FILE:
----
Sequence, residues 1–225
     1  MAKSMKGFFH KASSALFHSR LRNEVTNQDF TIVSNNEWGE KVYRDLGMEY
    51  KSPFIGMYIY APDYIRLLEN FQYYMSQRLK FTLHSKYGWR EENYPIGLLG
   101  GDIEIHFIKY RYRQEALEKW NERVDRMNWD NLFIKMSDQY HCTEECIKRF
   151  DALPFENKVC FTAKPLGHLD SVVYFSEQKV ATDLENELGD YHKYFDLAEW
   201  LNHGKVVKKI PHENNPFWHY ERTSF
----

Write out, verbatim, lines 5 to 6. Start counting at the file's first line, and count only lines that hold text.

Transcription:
   151  DALPFENKVC FTAKPLGHLD SVVYFSEQKV ATDLENELGD YHKYFDLAEW
   201  LNHGKVVKKI PHENNPFWHY ERTSF